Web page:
'Do not deport your people and your problems,' Jacinda Ardern told Scott Morrison at their meeting in February 2020. (Photo by James D. Morgan/Getty Images)

NZ rightly decries Australia’s deportation policy. But let’s face up to our cruelty, too

This week the issue of deportations from Australia to New Zealand was again in the spotlight, with Scott Morrison refusing to budge from his hardline position. But if we’re to condemn Australia’s approach, we must also demand a change to NZ’s treatment of so-called ‘returning offenders’, writes Claudia McHardy.

Australia was Mark’s home for 32 years until his deportation. Mark was exiled from his friends and family, including a teenage daughter, to New Zealand, a country where he has citizenship but is a stranger. Mark is a member of the infamous “501 club” — New Zealanders deported from Australia under the country’s controversial Section 501 policy.

Since December 2014, Section 501 has lowered the bar for deportation and removed the prohibition on deporting long-term residents, triggering a surge in the number of people forcibly returned to New Zealand.

The injustices experienced by the 501s have been well-documented, including in this Spinoff feature. But there is a second, and less well-known club to which Mark belongs.

Mark is one of over 2,000 people made subject to New Zealand’s Returning Offenders (Management and Information) (“ROMI”) Act 2015.

The ROMI Act creates a supervision regime for so-called “returning offenders”. Ostensibly modelled on parole arrangements for people released from New Zealand prisons, in practice the regime for overseas offenders is more punitive and exclusionary while offering fewer legal protections.

The act is also extremely unusual: no other country on the receiving end of deportation has pursued a formal policy response. Yet it has received little attention. In the enthusiasm for critiquing our neighbour’s policy, New Zealand has failed to look to itself.

While adjusting to life outside of prison or immigration detention, returning offenders must also navigate the practical and emotional complexities of leaving one’s home to start again in a new country. They will encounter obstacles to rehabilitation and (re)integration beyond those of the average domestic offender. Many face serious mental health struggles, no doubt exacerbated by their experiences of detention and deportation.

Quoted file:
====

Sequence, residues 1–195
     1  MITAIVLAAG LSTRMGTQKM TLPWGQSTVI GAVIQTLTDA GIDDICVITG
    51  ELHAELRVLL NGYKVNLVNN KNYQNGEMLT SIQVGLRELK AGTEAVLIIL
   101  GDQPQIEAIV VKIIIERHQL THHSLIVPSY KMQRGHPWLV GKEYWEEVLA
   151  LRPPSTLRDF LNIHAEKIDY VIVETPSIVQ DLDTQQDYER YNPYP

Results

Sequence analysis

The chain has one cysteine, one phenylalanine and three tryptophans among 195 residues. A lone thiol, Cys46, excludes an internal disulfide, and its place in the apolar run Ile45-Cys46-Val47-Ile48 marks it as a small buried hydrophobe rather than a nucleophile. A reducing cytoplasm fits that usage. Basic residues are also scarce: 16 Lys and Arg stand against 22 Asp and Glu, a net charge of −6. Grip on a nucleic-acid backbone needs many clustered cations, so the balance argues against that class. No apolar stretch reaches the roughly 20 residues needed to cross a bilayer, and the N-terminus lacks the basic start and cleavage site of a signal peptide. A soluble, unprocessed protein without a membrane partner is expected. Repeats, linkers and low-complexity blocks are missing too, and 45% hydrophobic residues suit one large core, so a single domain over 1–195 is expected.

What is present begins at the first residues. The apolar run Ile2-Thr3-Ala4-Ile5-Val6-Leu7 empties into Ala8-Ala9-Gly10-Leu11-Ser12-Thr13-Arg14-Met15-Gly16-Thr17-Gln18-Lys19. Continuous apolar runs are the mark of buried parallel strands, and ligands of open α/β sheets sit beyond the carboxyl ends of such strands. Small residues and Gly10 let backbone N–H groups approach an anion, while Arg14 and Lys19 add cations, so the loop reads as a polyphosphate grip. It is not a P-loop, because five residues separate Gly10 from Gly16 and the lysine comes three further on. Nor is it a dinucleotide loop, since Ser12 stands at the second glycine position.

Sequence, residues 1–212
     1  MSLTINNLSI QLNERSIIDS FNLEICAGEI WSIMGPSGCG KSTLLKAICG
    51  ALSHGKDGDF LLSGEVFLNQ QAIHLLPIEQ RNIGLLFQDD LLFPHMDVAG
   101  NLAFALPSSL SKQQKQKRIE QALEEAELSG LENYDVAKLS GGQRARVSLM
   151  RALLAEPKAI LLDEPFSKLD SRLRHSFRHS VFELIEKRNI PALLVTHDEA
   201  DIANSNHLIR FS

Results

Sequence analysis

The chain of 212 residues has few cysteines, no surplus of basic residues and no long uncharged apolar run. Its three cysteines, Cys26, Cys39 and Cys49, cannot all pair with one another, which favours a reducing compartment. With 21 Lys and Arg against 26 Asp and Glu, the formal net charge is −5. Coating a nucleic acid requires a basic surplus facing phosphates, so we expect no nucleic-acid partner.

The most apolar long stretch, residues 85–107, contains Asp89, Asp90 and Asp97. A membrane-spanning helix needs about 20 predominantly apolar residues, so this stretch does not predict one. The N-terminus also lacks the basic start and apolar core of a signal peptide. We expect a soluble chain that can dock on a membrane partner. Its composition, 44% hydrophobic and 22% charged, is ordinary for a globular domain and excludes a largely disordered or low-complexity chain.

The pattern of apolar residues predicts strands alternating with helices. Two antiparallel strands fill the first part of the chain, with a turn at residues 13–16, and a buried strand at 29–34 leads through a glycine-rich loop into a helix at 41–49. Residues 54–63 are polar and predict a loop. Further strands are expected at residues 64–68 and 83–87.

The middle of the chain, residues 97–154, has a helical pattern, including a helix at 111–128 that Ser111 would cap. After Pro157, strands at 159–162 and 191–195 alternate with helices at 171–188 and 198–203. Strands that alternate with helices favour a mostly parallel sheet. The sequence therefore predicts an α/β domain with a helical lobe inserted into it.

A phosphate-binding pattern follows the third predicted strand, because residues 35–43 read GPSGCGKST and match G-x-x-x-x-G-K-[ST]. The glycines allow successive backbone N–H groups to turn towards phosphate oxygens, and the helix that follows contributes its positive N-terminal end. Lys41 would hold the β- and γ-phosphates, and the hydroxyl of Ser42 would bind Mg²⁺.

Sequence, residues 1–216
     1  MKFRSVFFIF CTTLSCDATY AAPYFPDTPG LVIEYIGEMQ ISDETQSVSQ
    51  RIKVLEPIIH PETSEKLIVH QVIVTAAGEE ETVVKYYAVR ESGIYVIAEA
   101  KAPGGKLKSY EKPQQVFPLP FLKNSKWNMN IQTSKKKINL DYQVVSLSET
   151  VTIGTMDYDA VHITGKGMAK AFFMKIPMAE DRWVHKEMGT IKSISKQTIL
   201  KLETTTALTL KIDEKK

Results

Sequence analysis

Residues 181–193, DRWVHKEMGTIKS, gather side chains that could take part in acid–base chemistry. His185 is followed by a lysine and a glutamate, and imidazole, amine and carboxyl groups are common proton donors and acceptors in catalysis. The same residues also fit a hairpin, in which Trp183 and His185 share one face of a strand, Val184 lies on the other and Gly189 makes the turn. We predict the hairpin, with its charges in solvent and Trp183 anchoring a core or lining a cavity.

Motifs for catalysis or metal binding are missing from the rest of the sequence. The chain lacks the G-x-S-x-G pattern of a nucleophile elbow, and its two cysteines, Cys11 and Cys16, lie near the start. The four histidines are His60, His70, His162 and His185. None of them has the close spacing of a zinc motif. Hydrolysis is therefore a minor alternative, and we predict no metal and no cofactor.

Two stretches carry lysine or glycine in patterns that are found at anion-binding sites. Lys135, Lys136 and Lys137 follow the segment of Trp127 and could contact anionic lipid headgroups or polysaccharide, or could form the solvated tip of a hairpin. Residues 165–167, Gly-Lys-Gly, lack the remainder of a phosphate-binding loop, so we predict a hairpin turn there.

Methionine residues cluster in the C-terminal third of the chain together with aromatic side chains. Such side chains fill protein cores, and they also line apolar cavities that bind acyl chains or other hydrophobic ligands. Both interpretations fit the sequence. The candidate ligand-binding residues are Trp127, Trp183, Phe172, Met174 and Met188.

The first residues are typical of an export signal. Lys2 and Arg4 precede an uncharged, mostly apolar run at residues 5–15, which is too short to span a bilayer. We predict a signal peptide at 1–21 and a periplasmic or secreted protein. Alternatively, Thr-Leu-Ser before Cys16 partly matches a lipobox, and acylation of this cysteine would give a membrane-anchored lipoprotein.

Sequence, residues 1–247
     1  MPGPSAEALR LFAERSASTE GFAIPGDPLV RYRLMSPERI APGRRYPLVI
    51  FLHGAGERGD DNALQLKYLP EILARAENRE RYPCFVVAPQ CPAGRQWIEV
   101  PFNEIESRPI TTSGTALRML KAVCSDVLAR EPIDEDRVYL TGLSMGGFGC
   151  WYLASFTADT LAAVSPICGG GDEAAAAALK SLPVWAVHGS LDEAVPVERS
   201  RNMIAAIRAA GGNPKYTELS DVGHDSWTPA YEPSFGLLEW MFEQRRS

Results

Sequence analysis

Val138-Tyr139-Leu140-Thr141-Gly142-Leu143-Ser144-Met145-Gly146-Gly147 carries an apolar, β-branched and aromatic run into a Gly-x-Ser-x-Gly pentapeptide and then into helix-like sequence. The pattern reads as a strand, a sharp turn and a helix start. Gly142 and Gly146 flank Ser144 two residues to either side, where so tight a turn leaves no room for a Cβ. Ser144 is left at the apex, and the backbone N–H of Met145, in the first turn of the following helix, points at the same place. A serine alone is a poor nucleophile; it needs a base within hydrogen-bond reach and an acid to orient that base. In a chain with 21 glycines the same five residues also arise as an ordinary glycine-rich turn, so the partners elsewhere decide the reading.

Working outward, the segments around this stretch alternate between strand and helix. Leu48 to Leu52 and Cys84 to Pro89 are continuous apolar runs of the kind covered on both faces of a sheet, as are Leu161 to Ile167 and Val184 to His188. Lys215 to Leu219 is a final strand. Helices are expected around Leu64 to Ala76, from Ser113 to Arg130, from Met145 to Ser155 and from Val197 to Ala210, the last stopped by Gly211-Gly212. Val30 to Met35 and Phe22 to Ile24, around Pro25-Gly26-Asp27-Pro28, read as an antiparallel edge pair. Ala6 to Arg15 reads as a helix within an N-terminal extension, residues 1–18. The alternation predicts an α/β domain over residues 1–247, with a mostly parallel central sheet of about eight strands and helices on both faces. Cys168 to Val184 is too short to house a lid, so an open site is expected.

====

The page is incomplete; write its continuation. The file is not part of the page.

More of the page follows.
Rather than compensate for these unique vulnerabilities, the ROMI Act adds to them.

The New Zealand state has chosen to respond to deportees as dangerous threats to be contained, and not vulnerable people to be supported. It would be disingenuous to deny the significance of this choice in light of the fact that the majority of returning offenders are non-white — over 60% are Māori or Pasifika. This racial disparity mirrors that of New Zealand’s wider criminal justice system, where Māori and Pasifika peoples comprise 60% of the prison population.

If Australia’s policy imposes a triple punishment for non-citizens convicted of criminal offending, then the New Zealand legislation slathers on yet another punitive layer, creating what amounts to a quadruple punishment: imprisonment, immigration detention, deportation, and now ongoing monitoring and supervision in New Zealand.

Such prolonged criminal justice exposure can feel deeply unfair. As Mark says to his parole officer in the Māori TV documentary Section 501, “I’m square with the house and then I come here and I get put on a 12-month probation … man, I just want to get on with my life.”

Compared with people convicted here in New Zealand, returning offenders receive a greater number of punishments for their original offence. And because of the way the ROMI Act is implemented, their post-release supervision is also harsher.

Although sold in parliament as tools for targeting only the most high-risk individuals, more restrictive “special conditions” like electronic monitoring and curfews are being imposed on nearly every returning offender, despite there being no evidence that the group presents a particular risk.